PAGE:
(January 1, 2017 – Toronto, ON) The family of Bill Marshall, founder of the Toronto International Film Festival, has announced his passing earlier today from a cardiac arrest while in hospital in Toronto. He was 77.
Marshall immigrated to Canada from Glasgow, Scotland in 1955 and was a proud Canadian and a Member of the Order of Canada, an honour he received for his many contributions to the arts.
In addition to his dedication to the arts, Marshall also played a significant role in shaping the political landscape of Toronto, where he served as campaign manager and Chief of Staff for 3 different Toronto Mayors. He was a trusted advisor to many senior politicians in Canada and the United States and his legacy continued with his recent support of current Toronto Mayor, John Tory.
Considered a visionary in the Canadian film industry, Marshall produced 13 feature films, including the award-winning Outrageous, along with hundreds of documentaries. He was an accomplished writer, journalist, novelist and speech writer to royalty and heads of state. He also produced numerous live theatre productions, including the Toronto production of the hit musical Hair.
As an industry leader, he was a driving force behind the establishment of numerous industry organizations, including the Academy of Canadian Cinema and Television, The Toronto Film and Television Office, and was past President of the Canadian Association of Motion Picture Producers. More recently he was the man behind the Niagara Integrated Film Festival, which he launched in 2013, but he will always be remembered for being a cofounder of the Festival of Festivals which grew up to become the Toronto International Film Festival.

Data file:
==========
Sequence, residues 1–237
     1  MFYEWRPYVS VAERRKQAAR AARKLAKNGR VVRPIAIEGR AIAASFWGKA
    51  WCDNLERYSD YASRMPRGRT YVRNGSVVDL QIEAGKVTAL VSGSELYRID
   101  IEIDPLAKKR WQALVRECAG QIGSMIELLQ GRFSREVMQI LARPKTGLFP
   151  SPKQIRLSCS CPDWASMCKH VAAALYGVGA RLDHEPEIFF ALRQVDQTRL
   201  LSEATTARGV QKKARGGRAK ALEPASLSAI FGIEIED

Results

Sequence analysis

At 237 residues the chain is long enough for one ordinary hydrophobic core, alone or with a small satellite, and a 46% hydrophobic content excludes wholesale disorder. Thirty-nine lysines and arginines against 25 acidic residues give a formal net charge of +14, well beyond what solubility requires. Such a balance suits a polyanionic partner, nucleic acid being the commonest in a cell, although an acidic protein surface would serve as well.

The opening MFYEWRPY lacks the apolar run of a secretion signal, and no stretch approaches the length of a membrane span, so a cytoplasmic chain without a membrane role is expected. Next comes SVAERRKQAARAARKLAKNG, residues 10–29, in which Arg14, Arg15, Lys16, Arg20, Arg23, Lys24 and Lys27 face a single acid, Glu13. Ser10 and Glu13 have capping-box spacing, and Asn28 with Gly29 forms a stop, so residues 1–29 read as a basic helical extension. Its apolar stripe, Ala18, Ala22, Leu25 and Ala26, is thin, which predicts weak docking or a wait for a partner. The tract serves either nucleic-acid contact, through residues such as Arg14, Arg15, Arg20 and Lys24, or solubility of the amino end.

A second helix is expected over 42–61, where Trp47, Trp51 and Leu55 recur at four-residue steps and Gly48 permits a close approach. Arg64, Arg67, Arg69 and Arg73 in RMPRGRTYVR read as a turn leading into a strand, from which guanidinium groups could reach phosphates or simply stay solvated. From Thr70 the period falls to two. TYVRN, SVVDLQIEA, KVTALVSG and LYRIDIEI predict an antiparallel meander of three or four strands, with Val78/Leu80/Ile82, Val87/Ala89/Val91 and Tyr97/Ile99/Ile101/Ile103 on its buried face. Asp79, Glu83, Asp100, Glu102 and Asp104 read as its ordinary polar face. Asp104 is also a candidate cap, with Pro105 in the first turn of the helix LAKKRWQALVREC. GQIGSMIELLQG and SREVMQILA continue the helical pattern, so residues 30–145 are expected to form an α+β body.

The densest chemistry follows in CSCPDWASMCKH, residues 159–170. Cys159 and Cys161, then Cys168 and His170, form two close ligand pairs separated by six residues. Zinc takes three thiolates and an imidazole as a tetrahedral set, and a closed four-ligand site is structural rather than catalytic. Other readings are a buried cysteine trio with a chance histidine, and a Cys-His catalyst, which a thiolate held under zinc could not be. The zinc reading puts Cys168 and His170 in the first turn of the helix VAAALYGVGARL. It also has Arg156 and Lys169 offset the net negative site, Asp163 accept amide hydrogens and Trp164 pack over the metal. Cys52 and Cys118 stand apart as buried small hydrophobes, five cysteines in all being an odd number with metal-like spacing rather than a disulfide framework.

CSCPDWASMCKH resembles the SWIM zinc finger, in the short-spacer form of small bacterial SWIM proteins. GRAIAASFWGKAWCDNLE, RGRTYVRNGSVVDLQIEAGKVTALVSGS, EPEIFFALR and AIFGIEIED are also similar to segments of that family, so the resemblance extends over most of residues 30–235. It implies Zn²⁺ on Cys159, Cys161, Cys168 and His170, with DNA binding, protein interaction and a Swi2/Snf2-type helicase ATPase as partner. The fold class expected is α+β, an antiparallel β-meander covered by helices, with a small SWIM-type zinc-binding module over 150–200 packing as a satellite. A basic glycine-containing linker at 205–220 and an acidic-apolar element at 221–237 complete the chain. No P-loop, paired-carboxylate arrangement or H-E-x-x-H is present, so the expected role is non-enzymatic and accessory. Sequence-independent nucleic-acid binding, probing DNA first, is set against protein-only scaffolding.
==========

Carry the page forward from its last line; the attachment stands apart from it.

TIFF issued a special statement earlier today:
We are deeply saddened by the passing of our friend and TIFF Chair Emeritus Bill Marshall.
Founder of the Festival of Festivals in 1976 (along with Co-Founders Henk Van der Kolk and Dusty Cohl), Bill was also the organization’s Director in its first three years. He was a pioneer in the Canadian film industry and his vision of creating a public Festival that would bring the world to Toronto through the transformative power of cinema stands today as one of his most significant legacies.
Without his tenacity and dedication, the Toronto International Film Festival would not be among the most influential public cultural festivals today. We were so fortunate to have Bill serve as one of our greatest champions for forty-one years. Our thoughts are with his wife Sari Ruda, his children Lee, Stephen and Shelagh, his six grandchildren and their family and friends.
Director & CEO, TIFF